MassMutual CSR Katie McFarlin handles a customer call
Among the many programs and rewards that inspire CSRs to continually improve include a quarterly bonus program (which rewards the top 10% of performers each quarter), monthly quality recognition awards, and a “Kudos Board” that lists CSRs who have received a compliment from a customer for whom they’ve provided excellent service. In addition, the center has an Employee-to-Employee recognition program that enables CSRs to draw attention to and thank peers who have gone the extra mile on the job.
But perhaps the biggest honor in the center is the Winner’s Circle Service Excellence Award, which rewards CSRs who have demonstrated stellar service and a commitment to customers. “This program allows anyone in our organization to nominate a colleague to be considered for the award,” Quinlan explains. “Service Excellence winners are selected after an extensive review of all submissions, and announced to the entire company. They attend an award celebration, are highlighted on internal websites and all employee publications, and a sub-set are invited to attend an off-site Summit on Service.”
To ensure that every CSR is fully engaged and that morale is high, MassMutual administers employee satisfaction surveys annually, discusses the findings openly with staff and enlists their help in bring about key improvements.
Rather than rely solely on passive annual surveys to measure and maintain employee engagement, MassMutual has implemented an Auxiliary Committee, staffed with CSRs who are charged with planning activities to ensure the work environment remains positive. “By tapping into our frontline representatives, we can ensure that we are hearing the true voice of our employees, as opposed to making assumptions as to what is on their minds,” says Quinlan.
Centering Metrics Around Customer Experience
The only people more content than MassMutual’s CSRs are its customers. Just about every move the contact center makes is done with careful consideration of the impact it will have on the customer experience.
This is clearly evidenced by the key performance metrics that the center places at the forefront. Rather than covet such traditional and productivity-laden metrics as number of calls per hour/shift, managers and supervisors at the USIG center emphasize such metrics as first-call-resolution (FCR), service level, quality, forecast accuracy and customer satisfaction.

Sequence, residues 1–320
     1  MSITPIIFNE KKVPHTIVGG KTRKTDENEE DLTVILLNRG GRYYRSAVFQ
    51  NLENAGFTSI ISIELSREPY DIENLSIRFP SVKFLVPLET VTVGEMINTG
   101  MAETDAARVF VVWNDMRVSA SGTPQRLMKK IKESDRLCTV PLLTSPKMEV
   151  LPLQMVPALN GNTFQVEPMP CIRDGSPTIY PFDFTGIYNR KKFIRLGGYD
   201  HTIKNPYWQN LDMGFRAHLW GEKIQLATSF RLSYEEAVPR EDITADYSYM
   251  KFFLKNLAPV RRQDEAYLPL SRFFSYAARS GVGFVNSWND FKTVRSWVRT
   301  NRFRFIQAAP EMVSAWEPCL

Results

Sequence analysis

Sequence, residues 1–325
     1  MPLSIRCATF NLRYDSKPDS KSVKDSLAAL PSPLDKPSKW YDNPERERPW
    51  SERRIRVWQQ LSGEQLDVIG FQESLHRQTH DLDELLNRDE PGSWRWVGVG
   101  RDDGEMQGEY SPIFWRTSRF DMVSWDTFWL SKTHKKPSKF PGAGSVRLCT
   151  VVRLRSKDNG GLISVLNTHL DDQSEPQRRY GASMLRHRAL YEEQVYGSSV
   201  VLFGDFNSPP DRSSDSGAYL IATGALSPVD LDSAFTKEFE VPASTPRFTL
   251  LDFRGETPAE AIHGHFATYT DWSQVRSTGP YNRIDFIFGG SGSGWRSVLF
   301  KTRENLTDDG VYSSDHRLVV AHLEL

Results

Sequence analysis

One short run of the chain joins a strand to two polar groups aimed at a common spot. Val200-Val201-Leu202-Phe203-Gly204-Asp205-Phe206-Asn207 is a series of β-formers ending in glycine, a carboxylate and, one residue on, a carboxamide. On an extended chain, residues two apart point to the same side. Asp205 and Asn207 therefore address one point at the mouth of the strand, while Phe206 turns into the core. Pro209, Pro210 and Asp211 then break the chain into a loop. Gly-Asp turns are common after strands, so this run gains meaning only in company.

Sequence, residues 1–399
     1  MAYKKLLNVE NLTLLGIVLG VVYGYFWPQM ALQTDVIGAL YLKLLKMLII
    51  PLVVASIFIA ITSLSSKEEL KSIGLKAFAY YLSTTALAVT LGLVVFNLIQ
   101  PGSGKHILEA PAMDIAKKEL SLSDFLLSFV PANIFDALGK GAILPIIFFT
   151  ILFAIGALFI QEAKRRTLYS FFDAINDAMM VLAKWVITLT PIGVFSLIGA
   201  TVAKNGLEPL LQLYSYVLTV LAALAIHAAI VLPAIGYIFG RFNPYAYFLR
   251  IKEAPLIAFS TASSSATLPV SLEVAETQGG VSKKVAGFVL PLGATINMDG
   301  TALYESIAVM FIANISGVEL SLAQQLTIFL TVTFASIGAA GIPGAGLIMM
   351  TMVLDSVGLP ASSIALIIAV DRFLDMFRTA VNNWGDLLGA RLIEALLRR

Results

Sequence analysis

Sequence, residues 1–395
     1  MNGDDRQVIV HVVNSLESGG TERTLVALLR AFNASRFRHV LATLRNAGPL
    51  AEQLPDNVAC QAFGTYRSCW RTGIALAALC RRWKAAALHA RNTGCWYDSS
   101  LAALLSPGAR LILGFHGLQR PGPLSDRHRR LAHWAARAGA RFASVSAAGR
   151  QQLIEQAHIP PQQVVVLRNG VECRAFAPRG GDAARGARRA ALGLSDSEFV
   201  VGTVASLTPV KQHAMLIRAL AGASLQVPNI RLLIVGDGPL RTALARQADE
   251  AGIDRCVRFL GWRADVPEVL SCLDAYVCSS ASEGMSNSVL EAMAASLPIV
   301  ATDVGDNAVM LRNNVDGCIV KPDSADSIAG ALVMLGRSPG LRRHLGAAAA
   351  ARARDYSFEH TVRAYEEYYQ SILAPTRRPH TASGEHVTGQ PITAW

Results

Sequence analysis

Not only do managers focus on these metrics, they strive to get the right training, tools and processes in place to ensure that CSRs, supervisors and workforce management staff are able to continually meet and exceed the center’s ambitious objectives for said metrics. For example, the center has invested in robust desktop software that enables CSRs to quickly retrieve and provide customers with accurate and timely information, thus enhancing CSR’s ability to resolve issues on the first contact – efficiently and with quality.
Naturally, providing such efficient and effective service has a positive impact on customer satisfaction. Nevertheless, MassMutual makes no assumptions; the center has a comprehensive customer satisfaction measurement and management process in place to constantly gauge customer opinion – and make improvements based on the feedback collected. The keystone of the center’s c-sat measurement process is a transactional survey (phone-based, soon to be email and phone) that customers complete following a contact with a CSR. The timely and concise survey focuses on the customer’s satisfaction with the quality and efficiency of service received, and provides the center with invaluable data regarding customer expectations and preferences – critical information that the center shares with relevant departments within the enterprise.
At times, the transactional survey serves as a customer savior. The survey system’s Action Management feature alerts the center’s dedicated Service Resolution Team whenever a customer indicates significant dissatisfaction via the survey, at which point a Service Resolution Team member may contact the customer to discuss the problem in detail, and then take necessary action to restore customer confidence and loyalty.
“Having a centralized team allows us to have accountability for turning around an unsatisfied policyholder’s experience,” says Quinlan. “Our team has many years of experience with customer service, and excels in establishing strong customer relations.”